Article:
Joseph Chang


STAT 238a / STAT 538a Probability and Statistics

Fundamental principles and techniques of probabilistic thinking, statistical modeling, and data analysis. Essentials of probability, including conditional probability, random variables, distributions, law of large numbers, central limit theorem, and Markov chains. Statistical inference with emphasis on the Bayesian approach: parameter estimation, likelihood, prior and posterior distributions, Bayesian inference using Markov chain Monte Carlo. Introduction to regression and linear models. Computers are used for calculations, simulations, and analysis of data.

After MATH 118 or 120. 

Term: Fall
Day/Time: Tuesday, Thursday 1:00pm - 2:15pm

STAT 490b Statistics Senior Seminar Project

Under the supervision of a member of the faculty, each student works on an independent project. Students participate in seminar meetings at which they speak on the progress of their projects.

Permission required. No final Exam.

Term: Spring
Day/Time: TBA

STAT 645b / BIS 692b / CB&B 645b Statistical Methods in Genetic and Bioinformatics

Introduction to problems, algorithms, and data analysis approaches in computational biology and bioinformatics; stochastic modeling and statistical methods applied to problems such as mapping disease-associated genes, analyzing gene expression microarray data, sequence alignment, and SNP analysis. Statistical methods include maximum likelihood, EM, Bayesian inference, Markov chain Monte Carlo, and some methods of classification and clustering; models include hidden Markov models, Bayesian networks, and the coalescent. The limitations of current models, and the future opportunities for model building, are critically addressed.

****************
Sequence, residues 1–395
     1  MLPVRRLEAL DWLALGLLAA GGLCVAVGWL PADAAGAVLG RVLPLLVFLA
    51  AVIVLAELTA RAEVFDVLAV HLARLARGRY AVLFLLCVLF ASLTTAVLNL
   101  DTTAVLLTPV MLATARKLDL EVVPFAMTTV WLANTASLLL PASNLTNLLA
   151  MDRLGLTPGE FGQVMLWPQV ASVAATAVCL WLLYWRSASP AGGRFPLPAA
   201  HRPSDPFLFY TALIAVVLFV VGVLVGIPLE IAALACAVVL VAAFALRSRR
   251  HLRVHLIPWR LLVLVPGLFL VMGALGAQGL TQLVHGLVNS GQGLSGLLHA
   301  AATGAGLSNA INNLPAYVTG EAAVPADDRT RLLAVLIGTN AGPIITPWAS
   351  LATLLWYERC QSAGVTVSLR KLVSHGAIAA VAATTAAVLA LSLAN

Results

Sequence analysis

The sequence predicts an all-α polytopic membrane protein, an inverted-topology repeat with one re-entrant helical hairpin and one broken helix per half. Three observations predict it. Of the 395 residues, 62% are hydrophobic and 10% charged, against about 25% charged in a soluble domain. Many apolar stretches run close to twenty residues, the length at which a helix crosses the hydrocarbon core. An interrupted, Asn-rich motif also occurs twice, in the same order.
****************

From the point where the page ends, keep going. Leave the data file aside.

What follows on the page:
Term: Spring

STAT 654b Topics in Bayesian Inference and Data Analysis

Topics in the theory and practice of Bayesian statistical inference, ranging from a review of fundamentals to questions of current research interest. Motivation for the Bayesian approach, Bayesian computation, Monte Carlo methods, use of software (including R, BUGS, and possibly others), asymptotics, model checking and comparison, empirical Bayes approaches, hierarchical models, and Bayesian nonparametrics. A selection of other topics as time permits; possibilities include Bayesian design, variational methods, and approximate Bayesian computation. Assumed background includes probability and statistics at least at the level of STAT 541 and 542, Markov Chains as covered in STAT 551, and computing in R.

Term: Spring
Day/Time: Wednesday, Thursday 4:00pm - 5:15pm (tentative)